Figure 1 Gut microbial diversity of the three groups. Distribution of Shannon index (evenness) is shown. Red, blue, and green represent the Health, P1 and P2 groups, respectively. The gut microbiota (GM) of the healthy infants was more stable than that of the other two groups.
Figure 2
Figure 2 Principal component analysis. Each plot in the principal component analysis (PCA) graph stands for a sample. Red, blue and green colors represent the Health, P1 and P2 groups, respectively.
KD therapy ameliorates epilepsy and GM of patients started to improve

After a week of KD therapy, 3 (21%) patients were seizure-free and 6 (43%) had a 50% to 90% decrease of seizure frequency (Supplementary Table 1). The remaining 5 (36%) infants experienced no significant improvement in seizure control (Supplementary Table 1). GM of the P2 group was more similar to that of the Health group, by comparison with P1 group (Figures 3 and 4). After KD treatment, Bacteroides increased significantly, by 24.42%. Prevotella also increased in the P1 group from 0.37% to 1.85% after KD treatment (Figure 3 and Supplementary Table 5). Cronobacter decreased sharply in after-treatment patients, from 23.3% to 10.44 % (Figures 3 and 4 and Supplementary Table 5). KD exposure also induced a decrease in Erysipelatoclostridium (by 8.67% in the P1 group and 4.89% in the P2 group); it represented just 0.64% in healthy infants (Figures 3 and 4 and Supplementary Table 5). Streptococcus, Alistipes, Ruminiclostridium, Barnesiella and Enterococcus also decreased after KD therapy (Figures 3 and 4 and Supplementary Table 5).

Figure 3
Figure 3 Gut microbiota structures in the Health, P1 and P2 groups at the genus level. SVG package (version 1.1) was used to produce the paragraph. The size of the circle representing each genus was determined by the relative abundance of the three groups, and the width of line linking the P1, P2 and Health groups indicates the relative abundance of each group.
Figure 4
Figure 4 Significantly enriched gut microbiota components in the Health, P1 and P2 groups. LEfSe analysis was applied to detect the gut microbiota (GM) components in the three groups. Red, green, and blue represent the Health, P1 and P2 groups, respectively. The LDA score was set as ≤ 2. The enrichment degree is proportional to the LDA score.

KD is increasingly used for the treatment of refractory epilepsy in childhood, but the mechanism remains unclear. Previous reports indicated that GM played an important role in the gut-brain axis[24], and was affected significantly by intake of high-fat food[16]. This study focused on differed GM structures between healthy and epileptic infants, as well as altered GM in patients after one week of KD treatment. The results pointed to an imbalanced GM in patients and a significant improvement after KD therapy.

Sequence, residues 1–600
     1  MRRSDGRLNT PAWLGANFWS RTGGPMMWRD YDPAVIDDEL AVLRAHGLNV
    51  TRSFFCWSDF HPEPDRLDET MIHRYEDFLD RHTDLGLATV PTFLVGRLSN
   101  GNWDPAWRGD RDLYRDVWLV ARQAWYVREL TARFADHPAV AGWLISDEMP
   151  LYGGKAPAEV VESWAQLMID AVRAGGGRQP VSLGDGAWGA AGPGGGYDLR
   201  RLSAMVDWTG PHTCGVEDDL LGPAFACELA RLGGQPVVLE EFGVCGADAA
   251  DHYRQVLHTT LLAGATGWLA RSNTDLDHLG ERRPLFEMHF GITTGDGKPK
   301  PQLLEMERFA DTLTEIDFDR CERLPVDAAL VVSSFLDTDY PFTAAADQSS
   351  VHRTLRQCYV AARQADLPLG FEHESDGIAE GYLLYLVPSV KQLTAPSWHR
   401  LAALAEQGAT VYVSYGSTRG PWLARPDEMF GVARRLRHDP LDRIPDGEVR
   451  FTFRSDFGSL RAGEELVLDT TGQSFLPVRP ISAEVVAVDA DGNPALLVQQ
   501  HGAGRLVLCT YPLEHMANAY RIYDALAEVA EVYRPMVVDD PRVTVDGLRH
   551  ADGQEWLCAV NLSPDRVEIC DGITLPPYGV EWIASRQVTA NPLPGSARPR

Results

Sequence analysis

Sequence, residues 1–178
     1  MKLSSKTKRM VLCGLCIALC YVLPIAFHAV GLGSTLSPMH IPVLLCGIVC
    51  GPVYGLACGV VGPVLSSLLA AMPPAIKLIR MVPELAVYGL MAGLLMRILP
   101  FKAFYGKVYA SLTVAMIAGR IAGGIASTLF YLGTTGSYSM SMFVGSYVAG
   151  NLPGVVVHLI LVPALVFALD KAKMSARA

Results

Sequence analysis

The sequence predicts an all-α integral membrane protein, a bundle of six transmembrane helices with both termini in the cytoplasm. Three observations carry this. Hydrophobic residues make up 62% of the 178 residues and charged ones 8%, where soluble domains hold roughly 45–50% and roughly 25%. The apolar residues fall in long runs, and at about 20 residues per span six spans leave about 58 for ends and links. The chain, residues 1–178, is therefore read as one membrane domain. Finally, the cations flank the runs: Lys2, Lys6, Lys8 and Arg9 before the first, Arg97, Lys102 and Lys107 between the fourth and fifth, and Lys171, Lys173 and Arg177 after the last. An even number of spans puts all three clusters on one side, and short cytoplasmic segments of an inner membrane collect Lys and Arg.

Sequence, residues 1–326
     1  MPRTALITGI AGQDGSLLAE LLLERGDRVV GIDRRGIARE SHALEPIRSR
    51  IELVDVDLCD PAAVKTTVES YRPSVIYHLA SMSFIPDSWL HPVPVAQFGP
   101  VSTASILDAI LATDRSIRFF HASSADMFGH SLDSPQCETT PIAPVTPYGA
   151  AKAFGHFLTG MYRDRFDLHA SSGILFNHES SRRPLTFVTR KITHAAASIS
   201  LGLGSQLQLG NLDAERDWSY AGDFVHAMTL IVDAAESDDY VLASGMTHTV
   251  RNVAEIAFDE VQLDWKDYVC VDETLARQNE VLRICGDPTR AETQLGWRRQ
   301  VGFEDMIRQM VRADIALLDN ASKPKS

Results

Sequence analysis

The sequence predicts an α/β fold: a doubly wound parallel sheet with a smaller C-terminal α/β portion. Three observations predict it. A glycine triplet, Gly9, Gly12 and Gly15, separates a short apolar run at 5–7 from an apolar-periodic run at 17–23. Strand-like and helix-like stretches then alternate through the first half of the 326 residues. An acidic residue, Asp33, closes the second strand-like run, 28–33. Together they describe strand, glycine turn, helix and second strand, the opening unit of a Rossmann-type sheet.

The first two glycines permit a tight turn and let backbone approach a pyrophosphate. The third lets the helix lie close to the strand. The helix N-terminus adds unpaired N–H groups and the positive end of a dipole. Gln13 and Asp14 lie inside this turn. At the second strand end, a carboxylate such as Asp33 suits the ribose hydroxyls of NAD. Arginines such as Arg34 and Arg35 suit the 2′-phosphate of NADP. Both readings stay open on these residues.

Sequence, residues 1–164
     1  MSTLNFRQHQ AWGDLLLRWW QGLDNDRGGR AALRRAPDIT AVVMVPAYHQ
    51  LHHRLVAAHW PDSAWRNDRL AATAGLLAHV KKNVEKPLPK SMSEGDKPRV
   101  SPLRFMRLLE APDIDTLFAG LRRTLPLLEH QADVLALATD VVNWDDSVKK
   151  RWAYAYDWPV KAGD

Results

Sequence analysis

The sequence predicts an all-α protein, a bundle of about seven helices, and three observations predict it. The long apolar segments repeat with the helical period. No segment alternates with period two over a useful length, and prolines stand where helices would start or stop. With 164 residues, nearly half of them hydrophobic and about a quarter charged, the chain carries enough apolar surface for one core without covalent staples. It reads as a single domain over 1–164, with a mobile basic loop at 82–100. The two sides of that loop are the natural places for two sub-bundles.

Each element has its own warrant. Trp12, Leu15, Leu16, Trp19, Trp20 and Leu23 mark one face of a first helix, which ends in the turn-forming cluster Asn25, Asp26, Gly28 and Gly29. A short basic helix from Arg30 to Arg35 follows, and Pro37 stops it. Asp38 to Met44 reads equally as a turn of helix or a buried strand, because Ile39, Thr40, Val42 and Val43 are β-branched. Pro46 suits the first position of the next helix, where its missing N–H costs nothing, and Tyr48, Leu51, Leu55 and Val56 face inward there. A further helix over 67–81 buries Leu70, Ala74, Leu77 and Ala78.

Proteobacteria comprises a variety of notorious pathogens, such as Escherichia, Salmonella and Vibrio. It accounted for 24.34% in pediatric patients and decreased dramatically after KD treatment. Bacteroidetes was dominant in healthy infants and increased largely in after-treatment patients.

We identified accumulated Bacteroides in healthy subjects as well as in patients after treatment. Bacteroides was reported to digest and metabolize high-fat food and to regulate the secretion of IL-6 and IL-17 in dendritic cells (DCs), a process strongly associated with seizure severity of epileptic patients[4,16]. However, patients-enriched Cronobacter decreased dramatically after KD therapy. Prior reports demonstrated that there were multiple virulence determinants of Cronobacter, including Cronobacter plasminogen activator and ferric ion transporter protein, which paly a detrimental role in human health[30-32]. Prevotella is a robust producer of SCFAs[33], which could protect the intestinal mucosa and function as neurotransmitters. Previous reports also indicated that SCFAs mediated nervous impulse and mitigated Parkinson’s disease[33,34]. Similarly, we identified increased Prevotella in the Health and P2 group, when compared with the P1 group. Some other genera also offer clues to epilepsy recovery, such as Erysipelatoclostridium, Blautia, Bifidobacterium and Streptococcus. Bifidobacterium was well known to be beneficial to health[35], and Streptococcus, a common pathogen, played a role especially in respiratory diseases[36]. Although GM imbalance in diseased infants was identified and GM improved after KD treatment, more exploration was needed to elucidate the contribution of a healthy GM to epilepsy onset/recovery.